Saturday is National Biodiesel Day, and the National Biodiesel Board is highlighting 5 individuals who make the industry great. One of them is Plant Chemist, Mike Morgan of Louis Dreyfus in Claypool.
Morgan first became passionate about biodiesel while in college at Utah State University, serving as a co-chair of NBB’s Next Generation Scientists for biodiesel program. He also used biodiesel he made at USU to set record speeds on the Bonneville Salt Flats. The biodiesel industry supports 64,000 jobs, many the highest paying jobs in the area. Morgan heads special projects, testing method development and validation in the laboratory for the largest fully integrated soybean processing and biodiesel plant in the U.S. Located in Claypool, the annual capacity for biodiesel production is 110 MGPY.
Morgan says biodiesel is important because, “It brings energy to our area and it’s something that’s good and sustainable.” He says we’re blessed to be in an area where we’re able to source everything locally and utilize it to the fullest extent, because of the Louis Dreyfus plant.
Morgan projects that 10 years from now biodiesel will be a much bigger portion of the fuel that’s in the market, especially if we all continue to help so that there’s the need for renewable fuel in our fuel supply.
The other four people recognized for their success were:
Lead Technician, Hero BX. Jim Wilwohl serves as a shift foreman, overseeing a four-man crew at biodiesel producer Hero BX in Erie, Penn. With a capacity of more than 45 million gallons per year, the plant employs about 50 people. Born and raised in Erie, Wilwohl says the plant has some of the best manufacturing jobs in the area. “I like that my job is part of a green industry,” Wilwohl said. “It’s nice to work in modern facility, and we have what I consider great pay, benefits and profit sharing.”
Owner, Emergent Green Energy. Matthew Jaeger grew up on a Kansas farm, and his brother Luke’s vision of producing fuel for their equipment spurred the beginning of EGE Biodiesel. Based in Minneola, Kan., EGE is a family agricultural-based business specializing in the delivery of American biodiesel to local and regional customers. With multi-feedstock capabilities, the company partners with local farmers, and with restaurants to recycle cooking oil and grease for use in the production of biodiesel. “Our success in producing biodiesel has led us in other directions of business, all connected back to the goal of helping farmers and adding value to what they do for other customers,” said Matthew Jaeger.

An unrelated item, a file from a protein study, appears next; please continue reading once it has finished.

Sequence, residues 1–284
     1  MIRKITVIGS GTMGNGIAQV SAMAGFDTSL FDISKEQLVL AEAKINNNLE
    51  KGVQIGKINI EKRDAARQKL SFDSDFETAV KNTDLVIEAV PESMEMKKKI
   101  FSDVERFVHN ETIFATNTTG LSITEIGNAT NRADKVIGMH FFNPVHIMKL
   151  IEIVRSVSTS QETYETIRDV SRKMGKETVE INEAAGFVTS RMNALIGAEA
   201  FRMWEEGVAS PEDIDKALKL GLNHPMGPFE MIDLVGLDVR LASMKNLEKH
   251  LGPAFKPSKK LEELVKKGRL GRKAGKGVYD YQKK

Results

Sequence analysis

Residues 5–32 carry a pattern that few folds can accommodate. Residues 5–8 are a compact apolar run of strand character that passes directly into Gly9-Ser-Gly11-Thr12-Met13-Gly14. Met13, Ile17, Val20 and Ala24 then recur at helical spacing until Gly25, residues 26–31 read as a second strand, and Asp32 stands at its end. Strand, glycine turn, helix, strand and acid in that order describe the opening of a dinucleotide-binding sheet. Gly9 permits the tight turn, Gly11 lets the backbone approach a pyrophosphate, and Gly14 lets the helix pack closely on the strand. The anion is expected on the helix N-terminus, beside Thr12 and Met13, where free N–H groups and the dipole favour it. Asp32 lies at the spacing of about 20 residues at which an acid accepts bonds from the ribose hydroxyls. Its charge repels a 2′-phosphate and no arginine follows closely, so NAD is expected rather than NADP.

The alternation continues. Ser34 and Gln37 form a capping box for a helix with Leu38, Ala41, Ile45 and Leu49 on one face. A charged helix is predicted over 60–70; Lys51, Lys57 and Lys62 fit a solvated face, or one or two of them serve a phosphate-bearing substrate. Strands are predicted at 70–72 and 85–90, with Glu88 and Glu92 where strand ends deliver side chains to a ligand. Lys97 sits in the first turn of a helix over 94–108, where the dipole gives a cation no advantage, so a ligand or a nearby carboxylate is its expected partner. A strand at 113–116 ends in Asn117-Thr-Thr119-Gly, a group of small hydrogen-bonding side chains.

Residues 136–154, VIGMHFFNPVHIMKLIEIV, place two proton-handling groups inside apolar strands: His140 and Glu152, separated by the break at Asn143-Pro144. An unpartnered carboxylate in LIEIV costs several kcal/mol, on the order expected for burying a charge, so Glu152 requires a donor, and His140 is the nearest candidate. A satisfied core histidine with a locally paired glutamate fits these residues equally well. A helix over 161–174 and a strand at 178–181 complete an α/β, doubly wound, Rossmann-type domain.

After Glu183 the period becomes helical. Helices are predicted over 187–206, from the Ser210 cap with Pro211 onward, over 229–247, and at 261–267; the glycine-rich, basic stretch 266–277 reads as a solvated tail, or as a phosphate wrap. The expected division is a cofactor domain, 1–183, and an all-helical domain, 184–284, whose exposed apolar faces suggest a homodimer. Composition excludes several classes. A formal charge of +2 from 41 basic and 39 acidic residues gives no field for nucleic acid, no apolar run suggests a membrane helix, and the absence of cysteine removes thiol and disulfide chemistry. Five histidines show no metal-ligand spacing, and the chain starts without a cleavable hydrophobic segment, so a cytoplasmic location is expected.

Quality Consultant. Kent Bullard has served as an auditor for BQ-9000, the biodiesel industry’s voluntary quality assurance program, since 2004. With a master’s degree in quality assurance, he has audited 38 producers, marketers and labs. Auditors like Bullard have help the program become a success; certified producers now account for more than 90 percent of the U.S. biodiesel volume. As a user himself, Bullard is also considered a biodiesel pioneer. While serving as fleet manager at Channel Islands National Park off the coast of Los Angeles, he led one of the first biodiesel programs at a national park, from 2000 until he retired in 2012.
General Manager, Western Iowa Energy. An accountant by trade, Brad Wilson spent several years as a financial auditor, mainly auditing grain cooperatives. He became president and general manager of the facility in Wall Lake, Iowa, in 2016. The multi-feedstock plant recently grew from 30 to 45 MGPY and employs 30 people, many with young families in the town of about 800 residents. “It’s gratifying to me knowing that we provide green jobs with good pay in a community that benefits greatly from the economic development that brings,” Wilson said. “Our workers in turn support the schools and local housing market, among other things. Our plant also contributes to other businesses in the area, from family farms, to truckers to the railway.”